• Jessica Whelan

Why (the word) secondhand sucks

Don't even.

Let's face it. Preloved, preowned, hand-me-down, leftovers, used are all euphemisms for garbage.

But who doesn't love a rescue dog? (Or cat, if you're like me and consider dogs excellent pets for other people.)

And who doesn't feel some warm glow of nostalgia when something is labelled "heirloom", even a tomato? It just feels good to carry on the traditions (the ones that work) of the past. It's deeply satisfying somehow, to see things move from person to person across generations.

So let's change the script. It's time to consider clothing rescued (from landfill) or even better, as heritage items.

When I hear the word secondhand, I get excited. To me, buying something I need that had a life before I discovered it is a win for two reasons:

  1. Natural resources aren't going into manufacturing it and shipping it across the planet, and

  2. I can be fairly confident in the item's quality if I'm the second, third or even fourth person to use it

But I'm not most people. A lot of folks feel there's a stigma attached to things that aren't brand new. An icky smell, a psychic residue that generates bad vibes, or poor quality. Some of us unconsciously believe that if we buy or otherwise receive things like that, then we ourselves are of poor quality. Under the circumstances, it's a good idea to rethink the way we talk about it.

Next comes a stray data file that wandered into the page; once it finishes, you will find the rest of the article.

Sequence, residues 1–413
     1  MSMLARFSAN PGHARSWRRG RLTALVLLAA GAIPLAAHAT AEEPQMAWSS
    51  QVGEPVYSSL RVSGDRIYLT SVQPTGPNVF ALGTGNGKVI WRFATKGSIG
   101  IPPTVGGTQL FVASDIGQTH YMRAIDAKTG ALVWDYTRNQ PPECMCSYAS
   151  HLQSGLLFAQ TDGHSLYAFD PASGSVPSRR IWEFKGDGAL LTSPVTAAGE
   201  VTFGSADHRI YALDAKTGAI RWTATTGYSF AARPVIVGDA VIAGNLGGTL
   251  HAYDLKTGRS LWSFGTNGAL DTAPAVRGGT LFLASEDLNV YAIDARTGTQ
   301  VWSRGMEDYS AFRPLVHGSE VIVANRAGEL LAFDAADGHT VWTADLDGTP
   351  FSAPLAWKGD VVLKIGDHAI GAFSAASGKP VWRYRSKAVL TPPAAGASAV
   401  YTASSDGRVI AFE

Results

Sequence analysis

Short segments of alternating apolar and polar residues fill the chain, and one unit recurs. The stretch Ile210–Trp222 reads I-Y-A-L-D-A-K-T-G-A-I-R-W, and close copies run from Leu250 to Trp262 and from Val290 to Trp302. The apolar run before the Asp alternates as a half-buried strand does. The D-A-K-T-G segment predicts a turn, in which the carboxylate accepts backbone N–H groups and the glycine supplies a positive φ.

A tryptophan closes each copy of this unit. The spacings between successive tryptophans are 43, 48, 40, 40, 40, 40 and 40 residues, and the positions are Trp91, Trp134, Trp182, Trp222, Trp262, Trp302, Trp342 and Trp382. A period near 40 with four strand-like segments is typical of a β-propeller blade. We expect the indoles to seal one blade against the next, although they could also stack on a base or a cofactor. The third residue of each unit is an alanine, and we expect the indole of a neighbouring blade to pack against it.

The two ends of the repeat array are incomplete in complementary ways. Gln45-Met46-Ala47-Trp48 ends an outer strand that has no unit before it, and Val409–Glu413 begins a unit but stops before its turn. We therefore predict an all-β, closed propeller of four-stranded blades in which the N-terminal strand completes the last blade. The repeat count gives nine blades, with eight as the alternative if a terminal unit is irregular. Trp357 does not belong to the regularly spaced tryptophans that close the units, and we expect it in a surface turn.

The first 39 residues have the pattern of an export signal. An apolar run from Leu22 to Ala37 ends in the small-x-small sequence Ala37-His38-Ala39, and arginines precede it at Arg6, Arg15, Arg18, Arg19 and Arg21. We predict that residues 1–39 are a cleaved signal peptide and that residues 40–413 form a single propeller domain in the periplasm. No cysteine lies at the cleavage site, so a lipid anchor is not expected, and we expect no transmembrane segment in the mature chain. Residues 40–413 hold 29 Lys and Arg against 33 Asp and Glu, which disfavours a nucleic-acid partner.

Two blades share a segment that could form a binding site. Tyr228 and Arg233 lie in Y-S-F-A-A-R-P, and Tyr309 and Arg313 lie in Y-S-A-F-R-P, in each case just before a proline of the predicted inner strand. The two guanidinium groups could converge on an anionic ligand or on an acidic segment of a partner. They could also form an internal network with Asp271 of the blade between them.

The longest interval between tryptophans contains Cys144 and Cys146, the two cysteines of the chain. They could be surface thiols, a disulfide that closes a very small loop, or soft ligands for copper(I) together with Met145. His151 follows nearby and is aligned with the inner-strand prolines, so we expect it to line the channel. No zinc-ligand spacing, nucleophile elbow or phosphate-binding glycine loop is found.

Various colourful pieces of trash on white background
An artful collection of junk is still junk. Or is it?

Since we moved to a new city a few years ago, I've noticed people buy new a lot compared to our old neighbourhood. Since I (pretty vocally) don't, and there are a bunch of bigger (i.e. older/larger) kids around here, friends and neighbours offer me stuff frequently. And when they see my kids wearing things their kids used to wear, they feel a sense of joy. Really. The smiles and crinkled eyes are real. Saying, seeing them wear this "made my day" is real. The deep sense of being part of a community is real.

And when I dress my kids, I remember who wore those clothes before they did (I know it sounds insane, but we don't have that many clothes). Even when I go out and don't know the child personally, I love to imagine them playing, learning, and growing out of what I'm holding in my hand today.

A toddler bends down to pick up a stick in the sunny forest
These moments are fleeting, but objects help us remember

So try something new - to you. Just one thing. Choose a place/site you feel comfortable with, and a low-stakes investment like $10-20. See how you feel wearing a t-shirt that's been on a journey. Something with a history. Something you're not owning but rescuing. Something you're inheriting.

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